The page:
Not since 2013 has a seated Czech president addressed the nation on New Year’s Day: the current head of state, Miloš Zeman, has taken to delivering an address on the day after Christmas. This year, for the first time, the heads of both houses of parliament have taken up the mantle, calling for greater civility in 2019.
Senate chairman Jaroslav Kubera of the opposition Civic Democrats and his counterpart in the lower house of Parliament, Radek Vondráček from the ruling ANO party, both delivered speeches broadcast on New Year’s Day in what may well become a new political tradition.
The lawmakers’ speeches aired back to back on public radio and television, with Senator Kubera, as the second-highest ranking political figure under the Czech constitution, first taking the mic. Both spoke of the need to follow “the Golden Rule” as set down in anicent texts from the Bible to the Code of Hammurabi – do unto others as you would have them do unto you – and called for greater civility in the public and political spheres, alluding to growing division in Czech society.
Here’s an excerpt from Senator Kubera’s speech:
“Our country is full of amazing, mostly unknown people. But what we lack is greater humility and, at the same time, greater self-confidence. Greater humility and respect for the work of others rather than the notion our work is the most important. …”
“There is a lack of self-confidence and belief in our ability. We are incredibly skilful, paradoxically in part due to the totalitarian era. I know no other country where a violin virtuoso or surgeon would build a house with his own hands.”
“On the other hand, magic words like ‘good day’ or ‘thank you’ have almost disappeared from our vocabulary. Social media networks are full of anger and hatred. Even discussion of Christmas fairy tales releases a wave of hatred.”
MP Vondráček – quoting the likes of Churchill and Lincoln on the nature of democracy itself – at times messy and maddeningly slow moving – also lamented that personal attacks and even threats have become a regular part of debate; and that the Czechs’ hard-fought right to freedom of speech should not be abused in such a manner.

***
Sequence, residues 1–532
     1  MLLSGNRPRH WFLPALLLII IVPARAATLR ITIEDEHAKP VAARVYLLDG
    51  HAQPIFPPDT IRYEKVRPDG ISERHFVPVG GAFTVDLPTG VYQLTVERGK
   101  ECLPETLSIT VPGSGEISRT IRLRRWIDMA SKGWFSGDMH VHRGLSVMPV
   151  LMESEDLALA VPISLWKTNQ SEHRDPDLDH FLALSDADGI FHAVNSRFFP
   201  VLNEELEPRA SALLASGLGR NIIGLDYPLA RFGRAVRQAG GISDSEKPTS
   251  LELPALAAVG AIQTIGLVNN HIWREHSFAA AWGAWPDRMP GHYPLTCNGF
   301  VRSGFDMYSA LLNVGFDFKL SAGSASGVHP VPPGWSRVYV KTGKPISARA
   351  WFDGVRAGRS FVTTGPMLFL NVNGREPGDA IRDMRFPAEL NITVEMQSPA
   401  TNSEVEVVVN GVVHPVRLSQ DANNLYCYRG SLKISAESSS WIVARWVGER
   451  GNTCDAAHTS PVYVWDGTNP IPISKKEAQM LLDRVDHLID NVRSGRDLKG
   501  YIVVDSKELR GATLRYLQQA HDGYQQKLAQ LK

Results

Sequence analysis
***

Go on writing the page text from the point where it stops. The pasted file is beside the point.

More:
“Democracy not only allows for but directly requires the voicing of different opinions, of criticism and debate. Above all, it requires dialogue. But I mean a dialogue underpinned by rational arguments and motivated by mutual respect and goodwill. Dialogue that is calm, not laced with excessive emotion and hateful attacks. After all, a person in the right has no need to raise their voice.”
“Democracy is not a boxing ring. We can remain decent people even when protesting in the streets. Vulgarity, personal insults, racism, threats – these do not belong to democracy.”
Apart from calling on Czechs to take to heart the “live and let live” ethos, Senator Kubera took a more partisan tack than did his counterpart in the lower house, among other things calling on the state to be as uninvolved in the private lives of the people as possible and criticising specific policies, such as the new EU privacy regulation and a ban on smoking in pubs and restaurants, which he says infringe upon personal freedoms.
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